Sri Lankan police arrested two people after mobs attacked Muslim-owned shops in one of the towns where a Catholic church was targeted in multiple suicide bombings in April that killed more than 250, according to local media reports.
Hundreds of security forces entered Negombo, north of Colombo, to impose a curfew Sunday night after dozens of Muslim-owned shops, homes and vehicles were attacked by Catholics.
The curfew was lifted early Monday. Local media cited police spokesman Ruwan Gunasekara as saying that the violence was brought under control.
Reports also cited locals saying attackers burned a three-wheeler taxi and a motorbike while a gem-seller said about 400 people stoned his shop.
Military spokesman Sumith Atapattu said Sunday several people had been injured in clashes in the town.
St. Sebastian's church in the town 40 kilometers (25 miles) north of capital Colombo was one of three churches and three hotels hit by suicide bombers on April 21, killing 257 people.
"I appeal to all Catholic and Christian brothers and sisters not to hurt even a single Muslim person because they are our brothers, because they are part of our religious culture," said Cardinal Malcolm Ranjith, archbishop of Colombo.
"Therefore please avoid hurting them and try to create a better spirit of understanding and good relations between all the communities of Sri Lanka," he said in a video message to the country.
The cardinal visited Negombo, held talks with clerics at a mosque and appealed to the government to shut bars in the Catholic-dominated town known as "Little Rome," said his spokesman Father Edmund Tilakaratne.
"As a temporary measure, the cardinal asked the government to order the ban on liquor sales in Negombo area," Tilakaratne told AFP.
In another televised appeal, Ranjith appealed to Christians, Buddhists and Muslims to show restraint.
Negombo suffered the highest death toll in the Easter Sunday attacks that were claimed by the Daesh terror group. The bomb at St. Sebastian's killed more than 100 worshippers.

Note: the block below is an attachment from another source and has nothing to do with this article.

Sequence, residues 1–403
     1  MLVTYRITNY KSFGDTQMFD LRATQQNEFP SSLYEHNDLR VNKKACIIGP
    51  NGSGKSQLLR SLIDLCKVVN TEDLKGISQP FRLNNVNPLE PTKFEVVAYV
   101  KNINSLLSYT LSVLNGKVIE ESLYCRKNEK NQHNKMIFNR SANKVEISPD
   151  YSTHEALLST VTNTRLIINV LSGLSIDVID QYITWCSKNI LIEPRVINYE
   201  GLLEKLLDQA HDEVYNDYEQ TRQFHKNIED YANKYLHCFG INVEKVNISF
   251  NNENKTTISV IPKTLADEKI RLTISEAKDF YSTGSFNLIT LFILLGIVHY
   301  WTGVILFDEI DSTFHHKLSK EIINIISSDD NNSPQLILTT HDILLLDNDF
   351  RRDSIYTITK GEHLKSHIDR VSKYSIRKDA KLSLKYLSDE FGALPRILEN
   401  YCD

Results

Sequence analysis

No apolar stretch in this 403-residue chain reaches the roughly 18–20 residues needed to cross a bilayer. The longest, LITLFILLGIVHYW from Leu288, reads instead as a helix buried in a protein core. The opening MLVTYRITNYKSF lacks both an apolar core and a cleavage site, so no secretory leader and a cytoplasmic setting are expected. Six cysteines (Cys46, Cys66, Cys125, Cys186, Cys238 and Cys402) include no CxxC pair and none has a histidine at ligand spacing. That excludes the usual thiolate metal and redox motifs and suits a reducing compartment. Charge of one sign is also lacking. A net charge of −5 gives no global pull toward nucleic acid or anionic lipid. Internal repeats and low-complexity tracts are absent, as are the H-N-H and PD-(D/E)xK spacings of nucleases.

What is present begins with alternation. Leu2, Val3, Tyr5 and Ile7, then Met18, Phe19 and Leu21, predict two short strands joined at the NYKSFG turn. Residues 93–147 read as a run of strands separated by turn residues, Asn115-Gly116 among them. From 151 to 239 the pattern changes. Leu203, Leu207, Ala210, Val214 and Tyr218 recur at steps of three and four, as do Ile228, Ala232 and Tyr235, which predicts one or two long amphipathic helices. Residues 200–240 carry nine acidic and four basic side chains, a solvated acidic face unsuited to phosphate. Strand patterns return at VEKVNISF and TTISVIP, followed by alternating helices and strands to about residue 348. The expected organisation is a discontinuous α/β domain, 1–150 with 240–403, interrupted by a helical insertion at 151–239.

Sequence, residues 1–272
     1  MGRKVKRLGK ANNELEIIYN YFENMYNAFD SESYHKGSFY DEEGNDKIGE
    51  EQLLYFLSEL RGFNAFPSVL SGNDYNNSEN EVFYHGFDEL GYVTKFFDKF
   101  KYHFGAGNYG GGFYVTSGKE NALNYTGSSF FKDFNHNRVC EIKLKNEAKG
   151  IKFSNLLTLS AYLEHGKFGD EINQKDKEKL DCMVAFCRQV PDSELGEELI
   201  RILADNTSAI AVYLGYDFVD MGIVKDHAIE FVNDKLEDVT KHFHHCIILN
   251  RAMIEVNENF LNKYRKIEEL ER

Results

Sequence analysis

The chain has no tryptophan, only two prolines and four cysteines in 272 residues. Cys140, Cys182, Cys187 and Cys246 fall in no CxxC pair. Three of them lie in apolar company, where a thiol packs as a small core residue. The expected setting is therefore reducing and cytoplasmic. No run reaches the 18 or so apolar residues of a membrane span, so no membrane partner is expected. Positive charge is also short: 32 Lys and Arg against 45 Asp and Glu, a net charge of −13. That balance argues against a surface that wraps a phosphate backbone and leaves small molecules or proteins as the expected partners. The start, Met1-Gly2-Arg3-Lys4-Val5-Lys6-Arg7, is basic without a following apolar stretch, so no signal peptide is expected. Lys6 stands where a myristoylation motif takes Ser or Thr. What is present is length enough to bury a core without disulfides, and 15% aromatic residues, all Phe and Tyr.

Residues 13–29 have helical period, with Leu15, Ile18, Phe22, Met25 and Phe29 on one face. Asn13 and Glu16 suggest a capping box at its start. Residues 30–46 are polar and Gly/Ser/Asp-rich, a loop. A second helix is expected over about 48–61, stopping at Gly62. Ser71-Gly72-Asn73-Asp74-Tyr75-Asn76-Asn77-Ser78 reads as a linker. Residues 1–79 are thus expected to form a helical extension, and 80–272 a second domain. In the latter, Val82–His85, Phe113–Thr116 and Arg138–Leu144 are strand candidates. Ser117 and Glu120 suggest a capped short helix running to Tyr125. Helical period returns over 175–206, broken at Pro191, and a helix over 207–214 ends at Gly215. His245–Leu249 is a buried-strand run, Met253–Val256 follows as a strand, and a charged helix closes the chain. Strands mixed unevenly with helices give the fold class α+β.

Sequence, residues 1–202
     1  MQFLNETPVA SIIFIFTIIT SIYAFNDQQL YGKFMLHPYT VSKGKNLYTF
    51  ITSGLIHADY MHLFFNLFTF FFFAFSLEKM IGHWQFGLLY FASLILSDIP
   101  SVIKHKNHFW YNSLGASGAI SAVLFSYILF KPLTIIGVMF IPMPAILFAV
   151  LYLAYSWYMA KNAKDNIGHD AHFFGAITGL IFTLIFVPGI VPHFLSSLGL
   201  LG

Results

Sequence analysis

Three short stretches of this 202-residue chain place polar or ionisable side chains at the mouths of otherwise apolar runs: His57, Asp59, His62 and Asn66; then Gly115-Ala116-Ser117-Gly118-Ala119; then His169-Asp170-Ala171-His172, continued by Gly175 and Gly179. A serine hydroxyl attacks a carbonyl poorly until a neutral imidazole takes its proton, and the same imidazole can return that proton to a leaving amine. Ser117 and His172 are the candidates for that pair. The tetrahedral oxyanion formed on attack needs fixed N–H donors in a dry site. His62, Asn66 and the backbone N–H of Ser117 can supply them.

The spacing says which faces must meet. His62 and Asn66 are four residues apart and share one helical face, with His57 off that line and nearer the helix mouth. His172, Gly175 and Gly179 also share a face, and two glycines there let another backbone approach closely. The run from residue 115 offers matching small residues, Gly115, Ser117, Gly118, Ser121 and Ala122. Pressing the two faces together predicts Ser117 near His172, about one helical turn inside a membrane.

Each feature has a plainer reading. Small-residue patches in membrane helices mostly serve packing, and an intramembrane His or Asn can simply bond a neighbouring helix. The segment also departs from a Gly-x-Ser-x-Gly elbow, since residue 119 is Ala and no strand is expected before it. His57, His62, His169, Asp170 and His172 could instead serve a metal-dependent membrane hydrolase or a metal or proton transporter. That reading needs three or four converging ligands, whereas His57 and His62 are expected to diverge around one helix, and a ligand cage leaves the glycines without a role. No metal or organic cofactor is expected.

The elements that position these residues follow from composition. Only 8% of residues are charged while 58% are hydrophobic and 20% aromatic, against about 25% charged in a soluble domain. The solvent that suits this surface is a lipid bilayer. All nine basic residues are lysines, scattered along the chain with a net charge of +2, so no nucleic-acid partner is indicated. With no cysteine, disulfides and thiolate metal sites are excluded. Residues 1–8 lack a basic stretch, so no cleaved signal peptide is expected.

A top police officer said two arrests were made after the latest clashes and more suspects had been identified through CCTV footage.
The officer said all will be prosecuted under emergency laws approved after the Easter attacks.
"At least three people were injured in the clashes," the officer told AFP. "Although we have arrested only two suspects at the moment, many more have been identified and we will go after them."
Prime Minister Ranil Wickremesinghe said in a statement the government will compensate those who lost property in the night-time clashes.
Unverified video circulating on social media showed mobs throwing stones at Muslim businesses, destroyed furniture inside homes, shattered windows and overturned vehicles.
Security forces are on high alert after intelligence reports indicated militants could strike during the Islamic holy month of Ramadan, which began Monday. A brief ban on social media platforms imposed during the clash was lifted, but authorities said they would stay alert for threats against Muslims.
Security remained tight across the country as state schools resumed classes yesterday, but many anxious parents kept their children at home. Mid-to-upper stream classes resumed yesterday, a day after soldiers conducted a security sweep of schools. Lower grades are expected to resume on May 13. Despite the tight security and military patrols, most classrooms were nearly empty. Private schools, including Catholic institutions, remained closed.
Muslims make up around 10% of Buddhist-majority Sri Lanka's 21 million population and Christians about 7.6%.
Most of the country's Muslims live in the east and center of the island. Mosques and Muslim-owned properties in the country have been widely attacked, especially by Sinhalese Buddhists. Some Buddhist nationalists have protested against the presence in Sri Lanka of Muslim Rohingya asylum-seekers from mostly Buddhist Myanmar, where Buddhist nationalism has also been on the rise.
Muslim communities across the world have suffered numerous hate attacks over the past years with many blaming the surge on anti-Muslim discourse in the media and supported by the politicians.
The Christchurch mosque terror attacks became the latest example of growing far-right terrorism, a well-known global threat. Extremist politics, including extreme nationalist and white supremacist politics that appear to be at the core of the latest terror attack on Muslims in New Zealand, have been part of daily politics for a long time.
The rise of global extremism, with the flourishing of the right in Europe and U.S. President Donald Trump and the alt-right in America, has emboldened potential terrorists.